Geum. Water Avens. Radix Caryophyllatae Aquaticae. Radix Benedictae Sylvestris. Racine de Benoite aquatique (de Benoitee des Ruisseaux), Fr. Sumpfnelkenwurzel, Wasser-Benedikten-Wurzel, G.—Several species belonging to this genus have been medicinally employed, but three or four are deserving of particular notice—Geum rivale L., which once had a place in the U. S. Secondary List, G. urbanum L., formerly recognized by the Dublin College, G. virginianum, L., an indigenous species, the root of which has been recommended in dysentery by W. A. Gibson (Med. Rec., 1868), and G. canadense Jacq. (G. album Gmel.), recommended by W. A. Spurgeon in gastric irritation and headache. (A. J. P., 1883.)
The rhizome and roots of Geum urbanum L., of Europe and Asia, are used in medicine. The rhizome is from 3 to 7 cm. in length and about 8 mm. in thickness. It is more or less branching, having on the upper surface the remains of the short stems and petiole-bases and on the lower surface numerous fibrous roots. Externally it varies from a brownish to a brownish-yellow. The fracture is short and internally it is dark brown. When quite dry it is nearly inodorous, but in the recent state has an odor like that of cloves, whence it is sometimes called radix caryophyllatae. The taste is bitterish and astringent. It imparts its virtues to water and alcohol, which it tinges red. Buchner obtained a yellow, amorphous, neutral, bitter-tasting mass, which he calls geum-bitter. Distilled with water it yields 0.04 per cent. of a thick, greenish-yellow volatile oil, consisting chiefly of eugenol, a tasteless resin, gum, bassorin, and starch. It has been much used in Europe as a tonic and astringent, in chronic and passive hemorrhages, chronic dysentery and diarrhea, leucorrhea, intermittent fever, etc. The dose is from thirty grains to a drachm (2.0-3.9 Gm.) of the powder three or four times a day, or an equivalent quantity in decoction.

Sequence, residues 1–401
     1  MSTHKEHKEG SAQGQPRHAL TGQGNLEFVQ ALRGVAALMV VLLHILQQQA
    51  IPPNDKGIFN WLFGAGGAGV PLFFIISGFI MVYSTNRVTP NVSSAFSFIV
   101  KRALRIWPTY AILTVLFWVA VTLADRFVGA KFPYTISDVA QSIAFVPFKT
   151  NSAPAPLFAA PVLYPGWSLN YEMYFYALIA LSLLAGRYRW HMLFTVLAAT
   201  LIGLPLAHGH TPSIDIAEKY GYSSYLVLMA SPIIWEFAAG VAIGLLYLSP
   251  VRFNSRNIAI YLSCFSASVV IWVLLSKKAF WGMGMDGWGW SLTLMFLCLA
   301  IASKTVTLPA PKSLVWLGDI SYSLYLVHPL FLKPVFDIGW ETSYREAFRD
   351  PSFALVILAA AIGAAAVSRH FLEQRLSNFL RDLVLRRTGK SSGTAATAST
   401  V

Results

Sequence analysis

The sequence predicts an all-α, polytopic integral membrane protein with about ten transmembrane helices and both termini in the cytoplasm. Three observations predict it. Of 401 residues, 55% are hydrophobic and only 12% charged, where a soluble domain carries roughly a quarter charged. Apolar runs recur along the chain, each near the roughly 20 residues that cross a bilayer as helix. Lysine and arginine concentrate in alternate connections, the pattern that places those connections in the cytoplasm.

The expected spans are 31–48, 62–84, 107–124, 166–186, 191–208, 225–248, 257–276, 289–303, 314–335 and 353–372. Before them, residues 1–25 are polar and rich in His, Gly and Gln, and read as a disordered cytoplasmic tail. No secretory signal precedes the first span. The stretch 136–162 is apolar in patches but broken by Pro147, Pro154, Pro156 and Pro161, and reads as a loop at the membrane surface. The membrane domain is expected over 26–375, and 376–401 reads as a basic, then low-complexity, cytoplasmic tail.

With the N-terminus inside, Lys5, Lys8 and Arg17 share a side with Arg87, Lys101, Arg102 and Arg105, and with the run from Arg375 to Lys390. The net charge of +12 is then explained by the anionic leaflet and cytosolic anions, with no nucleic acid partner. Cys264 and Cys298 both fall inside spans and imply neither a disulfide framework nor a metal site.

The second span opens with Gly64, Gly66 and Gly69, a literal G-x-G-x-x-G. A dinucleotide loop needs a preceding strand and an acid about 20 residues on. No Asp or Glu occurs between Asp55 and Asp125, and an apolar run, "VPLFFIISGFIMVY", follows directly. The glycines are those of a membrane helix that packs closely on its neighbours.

Geum rivale L.—Water or purple avens, a plant growing in bogs and wet places in the northern United States, has a perennial, horizontal, jointed, scaly, tapering root, about 15 cm. long, of a reddish-brown color externally, white internally, and furnished with numerous descending yellowish fibers. The dried root is hard, brittle, easily pulverized, reddish or purplish, without odor, and of an astringent, bitterish taste. Boiling water extracts its virtues.
Water avens possesses similar therapeutic properties to avens, for which it is sometimes substituted, but is less esteemed. The dose of the powdered root is from twenty grains to a drachm (1.3-3.9 Gm.), to be repeated three times a day. Dose of the decoction (ounce to the pint), one or two fluidounces (30-60 mils). A weak decoction is sometimes used by invalids in New England as a substitute for tea and coffee.
The Dispensatory of the United States of America, 1918, was edited by Joseph P. Remington, Horatio C. Wood and others.